The gist: A recent clinical trial showed that people with node-negative breast cancer did just as well on a shorter, four-week chemotherapy treatment as people who took a longer, six-week one. The shorter treatment consisted of four cycles of doxorubicin and cyclophosphamide. The longer one involved six cycles of 5-fluorouracil, epirubicin and cyclophosphamide. Patients in both groups had similar survival rates, and people in the longer treatment group had worse side effects.
“Patients with node-negative breast cancer who received six cycles of 5-fluorouracil, epirubicin and cyclophosphamide experienced similar DFS and OS as patients who received four cycles of doxorubicin and cyclophosphamide, according to results of a phase 3 study presented at the San Antonio Breast Cancer Symposium.
“ ‘[In the MA-5 trial, the NCIC Clinical Trials Group] administered a dose-intensified epirubicin program, and the RFS and OS results were encouraging,’ Charles Edward Geyer, Jr., MD, FACP, associate director for clinical research at Virginia Commonwealth University Massey Cancer Center, said during his presentation. ‘Additionally, the French Adjuvant Study Group around that time had also evaluated their standard adjuvant regimen of FEC-50 and had shown that six cycles of therapy were more effective than three. So, at that time, we had two separate trials looking at different epirubicin schedules, both of which had seemed to be positive. It seemed reasonable at that time to compare [doxorubicin and cyclophosphamide] with one of those regimens. Since we were going to conclude the study in node-negative patients and include post-menopausal women, we chose the FEC-100 [chemotherapy regimen] because of its improved toxicity profile…’
“ ‘[Six cycles of] FEC-100 did not improve the primary endpoint of DFS or our secondary endpoint of OS relative to [four cycles of] AC,’ Geyer said. ‘Toxicities were increased with the FEC-100, which wasn’t unexpected because it did administer additional cycles of therapy compared with AC. Overall, the results do not support the use of six cycles of anthracycline-based regimens in node-negative breast cancer.’ “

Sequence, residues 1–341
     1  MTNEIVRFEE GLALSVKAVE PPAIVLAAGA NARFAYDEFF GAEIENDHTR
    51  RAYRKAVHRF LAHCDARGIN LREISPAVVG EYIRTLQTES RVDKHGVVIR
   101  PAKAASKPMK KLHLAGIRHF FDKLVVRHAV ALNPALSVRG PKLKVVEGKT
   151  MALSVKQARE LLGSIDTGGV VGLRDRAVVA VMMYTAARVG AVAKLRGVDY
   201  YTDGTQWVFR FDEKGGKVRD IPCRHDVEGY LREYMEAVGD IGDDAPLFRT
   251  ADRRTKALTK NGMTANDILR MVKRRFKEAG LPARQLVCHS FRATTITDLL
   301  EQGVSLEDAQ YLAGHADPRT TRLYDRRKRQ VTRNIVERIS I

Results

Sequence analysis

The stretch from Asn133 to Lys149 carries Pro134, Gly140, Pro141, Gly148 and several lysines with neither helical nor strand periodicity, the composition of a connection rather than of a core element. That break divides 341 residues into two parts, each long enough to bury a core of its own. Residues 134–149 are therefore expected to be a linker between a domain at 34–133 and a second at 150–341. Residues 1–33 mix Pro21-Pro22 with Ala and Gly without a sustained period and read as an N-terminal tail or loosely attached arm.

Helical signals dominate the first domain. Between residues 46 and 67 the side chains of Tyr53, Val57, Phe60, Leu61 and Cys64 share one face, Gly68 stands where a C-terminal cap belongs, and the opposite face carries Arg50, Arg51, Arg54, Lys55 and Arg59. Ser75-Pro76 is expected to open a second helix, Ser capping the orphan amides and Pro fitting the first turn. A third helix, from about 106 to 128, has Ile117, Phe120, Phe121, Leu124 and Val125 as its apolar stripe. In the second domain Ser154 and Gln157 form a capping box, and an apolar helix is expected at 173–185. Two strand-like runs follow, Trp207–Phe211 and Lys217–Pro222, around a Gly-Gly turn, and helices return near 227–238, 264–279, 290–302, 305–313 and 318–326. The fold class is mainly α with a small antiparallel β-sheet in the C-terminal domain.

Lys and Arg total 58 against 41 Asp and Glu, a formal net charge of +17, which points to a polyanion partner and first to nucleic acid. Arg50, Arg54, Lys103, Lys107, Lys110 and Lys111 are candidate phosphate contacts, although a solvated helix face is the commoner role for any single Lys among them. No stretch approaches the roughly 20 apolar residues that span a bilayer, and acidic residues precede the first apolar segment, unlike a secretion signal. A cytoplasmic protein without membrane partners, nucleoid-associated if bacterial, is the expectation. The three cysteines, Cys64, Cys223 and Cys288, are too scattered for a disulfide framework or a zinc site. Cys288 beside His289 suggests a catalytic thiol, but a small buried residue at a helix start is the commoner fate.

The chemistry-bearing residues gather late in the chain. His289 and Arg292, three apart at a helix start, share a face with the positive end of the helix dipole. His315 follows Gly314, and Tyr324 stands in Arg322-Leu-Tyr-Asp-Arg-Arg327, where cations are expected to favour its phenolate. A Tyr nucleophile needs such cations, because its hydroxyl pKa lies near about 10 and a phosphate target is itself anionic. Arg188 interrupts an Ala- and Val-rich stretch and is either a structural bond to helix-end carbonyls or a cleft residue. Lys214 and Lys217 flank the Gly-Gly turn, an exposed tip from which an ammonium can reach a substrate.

Editor’s note: This article describes the results of a clinical trial—a research study with volunteer patients. The goal of the trial was to compare four different treatments for metastatic colorectal cancer (mCRC). All patients took a combination of chemotherapy drugs; either FOLFIRI [which combines folinic acid, fluorouracil and irinotecan] or FOLFOX [folinic acid, 5-fluorouracil and oxaliplatin]. Patients also took a targeted drug alongside the chemo; either bevacizumab (aka Avastin) or cetuximab (Erbitux). All four treatment combinations resulted in similar survival times—a median of 29 months. Compared to other clinical trials, this is a relatively long survival time. Based on these results, oncologists will now have more options for treating their patients according to patients’ preferences and side effects.
“Patients with KRAS wild-type metastatic colorectal cancer (mCRC) receiving first-line treatment with a chemotherapy backbone plus bevacizumab or cetuximab survived for a median of 29 months, the longest median survival time reported in a major trial of these severely ill patients.
“Importantly, survival times were the same, whether patients received the anti–vascular endothelial growth factor bevacizumab (Avastin, Genentech) or the anti–epidermal growth factor receptor (EGFR) cetuximab (Erbitux, Bristol-Myers Squibb), or whether they received FOLFOX or FOLFIRI, results from the long-awaited Phase III CALGB/SWOG 80405 trial showed.
“ ‘What this tells us is that either FOLFIRI [folinic acid, fluorouracil and irinotecan] or FOLFOX [folinic acid, 5-fluorouracil and oxaliplatin] with either bevacizumab or cetuximab are perfectly reasonable options,’ said Alan P. Venook, MD, the Madden Family Distinguished Professor of Medical Oncology and Translational Research at the University of California, San Francisco.”